Billions wasted on nuclear weapons could save the world’s children
By Kehkashan Basu
Kutupalong – a beautiful, lyrical name. It could possibly describe a flower, a river, or an exotic bird. In fact, it is none of these three. Its claim to fame or rather infamy comes from the fact that it is the world’s largest refugee camp. Not only is it the largest refugee camp on our planet, with a population of 1 million and counting, it is also the most densely populated. It took just six months to double in size when Rohingya refugees fled Myanmar, according to reports from the World Food Program. Tens of thousands of makeshift tents packed together on a hilly terrain, it offers refuge to over a million refugees.
A two-hour drive from Cox Bazaar in Bangladesh, Kutupalong was a sleepy unknown hamlet until a few years ago, when the Rohingya crisis escalated in neighboring Myanmar. On the ground the camp is sprawling, chaotic, and unimaginably crowded. If you were looking for a definition of misery, this is it!
I spent last Christmas with my team at this camp engaging with hundreds of Rohingya children, soaking in the latent energy they possessed and trying to be the catalyst that would ignite their passion into a meaningful avenue of growth and development. For these children, every day is a struggle for survival. Sanitation and hygiene do not exist. It’s an unbelievably moving sight which no words or pictures can describe.
The world seems to have forgotten them – yet they are humans like us and have the same right to a life of dignity. Every day 50 children are born here – many unable to survive beyond the first week. Abuse, exploitation, and trafficking add to the pangs of hunger and disease at every moment. Girls younger than 14 are married off to men in their sixties just to escape from this life.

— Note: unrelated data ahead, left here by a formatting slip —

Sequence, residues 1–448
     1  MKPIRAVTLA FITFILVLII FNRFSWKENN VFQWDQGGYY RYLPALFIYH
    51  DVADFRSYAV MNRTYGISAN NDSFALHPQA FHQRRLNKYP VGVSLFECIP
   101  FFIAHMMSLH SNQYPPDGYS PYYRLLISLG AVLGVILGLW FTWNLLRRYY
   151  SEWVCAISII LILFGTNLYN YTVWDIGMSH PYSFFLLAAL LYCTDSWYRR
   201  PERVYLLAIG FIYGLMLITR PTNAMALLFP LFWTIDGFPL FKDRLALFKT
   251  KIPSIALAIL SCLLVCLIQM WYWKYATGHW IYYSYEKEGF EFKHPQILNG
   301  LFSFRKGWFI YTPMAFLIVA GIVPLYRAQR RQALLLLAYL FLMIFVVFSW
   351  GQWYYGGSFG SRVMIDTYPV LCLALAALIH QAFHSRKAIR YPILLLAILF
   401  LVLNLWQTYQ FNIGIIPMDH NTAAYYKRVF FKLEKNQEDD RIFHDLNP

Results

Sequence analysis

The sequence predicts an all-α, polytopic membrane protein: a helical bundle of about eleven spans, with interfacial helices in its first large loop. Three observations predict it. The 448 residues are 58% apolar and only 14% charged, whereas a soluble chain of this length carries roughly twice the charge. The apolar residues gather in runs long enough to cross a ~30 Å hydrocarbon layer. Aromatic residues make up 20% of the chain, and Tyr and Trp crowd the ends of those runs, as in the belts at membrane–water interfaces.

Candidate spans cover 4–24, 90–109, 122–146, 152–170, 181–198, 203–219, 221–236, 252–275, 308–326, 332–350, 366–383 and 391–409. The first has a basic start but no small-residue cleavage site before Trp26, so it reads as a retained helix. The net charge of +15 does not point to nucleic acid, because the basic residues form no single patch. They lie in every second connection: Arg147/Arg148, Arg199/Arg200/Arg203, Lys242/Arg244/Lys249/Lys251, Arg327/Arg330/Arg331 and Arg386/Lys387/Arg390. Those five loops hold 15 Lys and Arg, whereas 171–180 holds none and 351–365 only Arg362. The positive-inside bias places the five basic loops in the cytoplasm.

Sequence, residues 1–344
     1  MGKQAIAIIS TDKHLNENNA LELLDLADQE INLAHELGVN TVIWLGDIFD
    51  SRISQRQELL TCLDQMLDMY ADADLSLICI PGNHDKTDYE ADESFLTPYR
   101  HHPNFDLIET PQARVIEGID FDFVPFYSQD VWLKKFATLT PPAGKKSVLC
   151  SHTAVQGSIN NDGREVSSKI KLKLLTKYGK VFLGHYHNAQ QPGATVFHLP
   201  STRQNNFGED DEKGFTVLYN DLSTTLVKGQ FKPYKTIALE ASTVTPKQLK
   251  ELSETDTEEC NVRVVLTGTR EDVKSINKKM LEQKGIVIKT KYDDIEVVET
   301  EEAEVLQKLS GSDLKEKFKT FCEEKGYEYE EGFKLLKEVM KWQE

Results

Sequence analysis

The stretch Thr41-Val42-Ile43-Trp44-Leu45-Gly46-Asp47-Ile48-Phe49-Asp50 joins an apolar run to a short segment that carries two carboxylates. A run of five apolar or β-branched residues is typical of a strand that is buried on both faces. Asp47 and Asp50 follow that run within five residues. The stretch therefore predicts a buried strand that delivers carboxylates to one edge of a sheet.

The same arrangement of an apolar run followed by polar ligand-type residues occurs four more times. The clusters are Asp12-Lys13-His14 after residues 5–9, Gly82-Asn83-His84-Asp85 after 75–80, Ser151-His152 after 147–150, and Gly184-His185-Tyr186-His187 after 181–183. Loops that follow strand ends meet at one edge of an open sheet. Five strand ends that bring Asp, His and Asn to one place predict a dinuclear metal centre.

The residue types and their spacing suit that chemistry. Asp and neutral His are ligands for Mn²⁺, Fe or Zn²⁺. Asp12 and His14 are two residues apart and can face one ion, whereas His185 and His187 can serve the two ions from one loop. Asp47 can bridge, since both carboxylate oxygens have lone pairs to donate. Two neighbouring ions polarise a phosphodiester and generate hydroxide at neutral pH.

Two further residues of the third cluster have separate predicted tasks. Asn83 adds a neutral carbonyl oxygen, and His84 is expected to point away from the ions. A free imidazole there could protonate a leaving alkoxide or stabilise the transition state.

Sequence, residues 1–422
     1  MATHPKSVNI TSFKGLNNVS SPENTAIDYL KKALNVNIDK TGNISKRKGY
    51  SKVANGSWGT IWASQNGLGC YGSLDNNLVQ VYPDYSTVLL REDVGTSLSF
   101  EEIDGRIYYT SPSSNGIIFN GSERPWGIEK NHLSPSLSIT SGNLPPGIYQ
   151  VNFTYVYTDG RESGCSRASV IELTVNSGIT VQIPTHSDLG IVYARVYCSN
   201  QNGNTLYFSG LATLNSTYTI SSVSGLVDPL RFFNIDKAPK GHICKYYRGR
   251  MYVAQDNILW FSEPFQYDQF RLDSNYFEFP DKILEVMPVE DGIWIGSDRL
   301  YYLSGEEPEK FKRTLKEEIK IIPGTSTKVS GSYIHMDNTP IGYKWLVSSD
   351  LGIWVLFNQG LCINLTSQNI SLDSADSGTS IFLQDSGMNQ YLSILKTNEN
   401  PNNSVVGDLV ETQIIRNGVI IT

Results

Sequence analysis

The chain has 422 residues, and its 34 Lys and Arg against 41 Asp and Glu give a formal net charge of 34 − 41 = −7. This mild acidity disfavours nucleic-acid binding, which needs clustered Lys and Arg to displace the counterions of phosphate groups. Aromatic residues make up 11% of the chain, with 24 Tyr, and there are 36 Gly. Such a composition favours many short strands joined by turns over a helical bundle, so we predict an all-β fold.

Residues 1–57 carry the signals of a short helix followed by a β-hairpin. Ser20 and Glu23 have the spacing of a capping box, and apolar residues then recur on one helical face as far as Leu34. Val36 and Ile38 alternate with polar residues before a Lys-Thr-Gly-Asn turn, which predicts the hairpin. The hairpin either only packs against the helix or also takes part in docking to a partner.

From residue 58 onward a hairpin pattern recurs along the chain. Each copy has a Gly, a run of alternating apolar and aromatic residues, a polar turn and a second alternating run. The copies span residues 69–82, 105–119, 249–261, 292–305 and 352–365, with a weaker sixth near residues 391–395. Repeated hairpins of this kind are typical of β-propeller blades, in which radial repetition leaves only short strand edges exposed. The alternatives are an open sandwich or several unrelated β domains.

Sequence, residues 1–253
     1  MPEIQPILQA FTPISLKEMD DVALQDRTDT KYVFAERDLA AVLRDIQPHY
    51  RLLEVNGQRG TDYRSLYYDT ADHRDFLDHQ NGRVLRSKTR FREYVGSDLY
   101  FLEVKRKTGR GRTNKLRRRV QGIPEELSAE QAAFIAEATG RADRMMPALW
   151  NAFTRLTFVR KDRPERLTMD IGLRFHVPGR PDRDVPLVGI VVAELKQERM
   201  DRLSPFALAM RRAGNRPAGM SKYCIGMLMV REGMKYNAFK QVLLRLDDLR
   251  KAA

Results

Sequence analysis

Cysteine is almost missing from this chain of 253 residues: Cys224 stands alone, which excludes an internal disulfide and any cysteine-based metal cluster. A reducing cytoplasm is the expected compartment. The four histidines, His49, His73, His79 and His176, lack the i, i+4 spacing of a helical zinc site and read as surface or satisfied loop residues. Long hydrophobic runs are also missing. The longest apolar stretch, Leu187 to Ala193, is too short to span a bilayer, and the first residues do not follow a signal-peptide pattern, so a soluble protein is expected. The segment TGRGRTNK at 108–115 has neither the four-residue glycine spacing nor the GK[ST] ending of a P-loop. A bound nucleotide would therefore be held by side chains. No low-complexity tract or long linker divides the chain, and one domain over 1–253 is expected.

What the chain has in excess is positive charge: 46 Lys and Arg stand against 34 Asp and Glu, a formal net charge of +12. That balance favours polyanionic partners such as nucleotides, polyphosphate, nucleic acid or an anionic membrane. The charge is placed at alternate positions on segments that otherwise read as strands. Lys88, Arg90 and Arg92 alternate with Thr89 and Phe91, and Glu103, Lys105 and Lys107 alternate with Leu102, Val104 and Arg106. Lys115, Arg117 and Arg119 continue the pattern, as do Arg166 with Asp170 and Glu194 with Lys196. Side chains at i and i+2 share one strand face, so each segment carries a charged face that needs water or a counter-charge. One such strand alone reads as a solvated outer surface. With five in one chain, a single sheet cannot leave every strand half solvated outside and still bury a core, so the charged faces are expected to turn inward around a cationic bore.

The Rohingyas are not isolated in their misery. Our world today has more refugees than World War II, and the numbers keep increasing. Yemen, Syria, Sudan, and so many other regions where war and violence have become a way of life, continue to add to the numbers of people displaced from their homes into an uncertain future. Add to this the mind-numbing statistic of 168 million children, who are trapped in child labor worldwide, many of them girls much younger than me.
Every second, a person dies of hunger. Which means that by the time you finish reading this piece, hundreds more will have died of hunger and starvation. And yet the nuclear-armed states continue to spend billions of dollars building nuclear stockpiles, ostensibly in the name of security, but in reality threatening current and future generations and violating the rights of children to a peaceful and non-irradiated planet.
And our banks, universities, cities, pension funds, and governments continue to invest in the corporations manufacturing and promoting the nuclear arms race for their own personal gain, with no consideration for the ethics of investing in death. This is the myopia that afflicts our society, our governments, and our policy makers, and each one of us has to take ownership for the situation we find ourselves in today.
As an 18-year-old, I am really concerned at the widening chasm that divides society. I am growing up in a world where hyperloops and space tourism make headlines while the blue macaw is added to the growing list of extinct species as a result of ecocide; where factories churn out Trident submarines at $4 billion each, while in the developing world 80,000 children die each day due to poverty – most of whom could be saved with food or medication costing less than 1/10th of the cost of one Trident submarine.